Most members of Congress who sit on veterans affairs and armed forces committees contacted by Florida Today declined to comment. Their press representatives said they first wanted to see the VA's military sexual trauma report. U.S. Sen. Bill Nelson,
D-Tallahassee, who sits on the Senate Armed Services Committee, did not return phone calls to comment.
But U.S. Rep. John McHugh, an upstate New York Republican who chairs an Armed Services Committee's subcommittee, said, "My intention is to sit down and see how much of a disconnect there is between the VA numbers and the number of reported incidents in the active military." McHugh's district includes the Fort Drum Army base near the Canadian border.
A wider problem?
The VA's military sexual trauma survey may indicate an even wider problem, system psychologists said. Considering that 18 million of the 24.5 million veterans in the United States have never used the VA's health system, there could be thousands more male sexual trauma cases the survey won't account for, VA psychologists such as St. Petersburg's Crane pointed out.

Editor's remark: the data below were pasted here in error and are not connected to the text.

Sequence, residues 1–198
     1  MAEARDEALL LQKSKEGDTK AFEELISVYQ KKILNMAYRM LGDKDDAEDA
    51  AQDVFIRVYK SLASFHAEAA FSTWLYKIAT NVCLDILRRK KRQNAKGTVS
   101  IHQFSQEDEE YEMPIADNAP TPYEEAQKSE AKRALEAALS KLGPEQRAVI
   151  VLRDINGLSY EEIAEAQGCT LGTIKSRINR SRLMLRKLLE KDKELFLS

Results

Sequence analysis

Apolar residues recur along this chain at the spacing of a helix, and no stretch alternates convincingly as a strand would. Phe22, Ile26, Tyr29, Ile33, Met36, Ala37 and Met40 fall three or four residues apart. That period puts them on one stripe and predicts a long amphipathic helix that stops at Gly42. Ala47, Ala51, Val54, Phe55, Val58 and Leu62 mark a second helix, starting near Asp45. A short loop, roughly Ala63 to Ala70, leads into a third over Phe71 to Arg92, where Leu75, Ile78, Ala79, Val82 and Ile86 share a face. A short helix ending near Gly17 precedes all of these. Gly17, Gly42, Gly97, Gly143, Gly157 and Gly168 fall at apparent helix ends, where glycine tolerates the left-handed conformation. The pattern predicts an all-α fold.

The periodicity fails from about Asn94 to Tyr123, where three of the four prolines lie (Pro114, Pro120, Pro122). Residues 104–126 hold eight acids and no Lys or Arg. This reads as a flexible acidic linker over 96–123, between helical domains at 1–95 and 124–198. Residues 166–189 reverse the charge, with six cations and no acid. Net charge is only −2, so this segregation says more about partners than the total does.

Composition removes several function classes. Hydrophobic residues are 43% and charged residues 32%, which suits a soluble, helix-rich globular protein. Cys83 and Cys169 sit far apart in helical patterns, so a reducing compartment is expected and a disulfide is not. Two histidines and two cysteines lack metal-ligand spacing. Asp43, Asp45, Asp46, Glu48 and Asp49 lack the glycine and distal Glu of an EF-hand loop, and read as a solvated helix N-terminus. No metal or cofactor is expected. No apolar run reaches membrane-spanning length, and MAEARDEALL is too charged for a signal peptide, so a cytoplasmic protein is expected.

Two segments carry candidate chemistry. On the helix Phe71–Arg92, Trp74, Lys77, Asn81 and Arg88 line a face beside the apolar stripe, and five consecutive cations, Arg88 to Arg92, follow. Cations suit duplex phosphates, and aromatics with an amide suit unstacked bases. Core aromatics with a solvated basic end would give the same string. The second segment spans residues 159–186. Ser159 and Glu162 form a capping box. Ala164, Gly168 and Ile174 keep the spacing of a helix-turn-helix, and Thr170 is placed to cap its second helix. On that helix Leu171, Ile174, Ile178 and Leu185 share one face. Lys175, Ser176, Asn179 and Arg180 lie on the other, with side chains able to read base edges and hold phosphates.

It's possible that veterans who have been sexually traumatized are more likely to use the VA system than those who have not, meaning the rates could be lower for the overall veteran population. However, the lack of reliable crime information from the military makes such a comparison impossible. And even if all armed services kept such statistics, they might not accurately reflect the problem. Most sexual assaults on men go unreported, VA psychologist John Carracher of West Palm Beach said.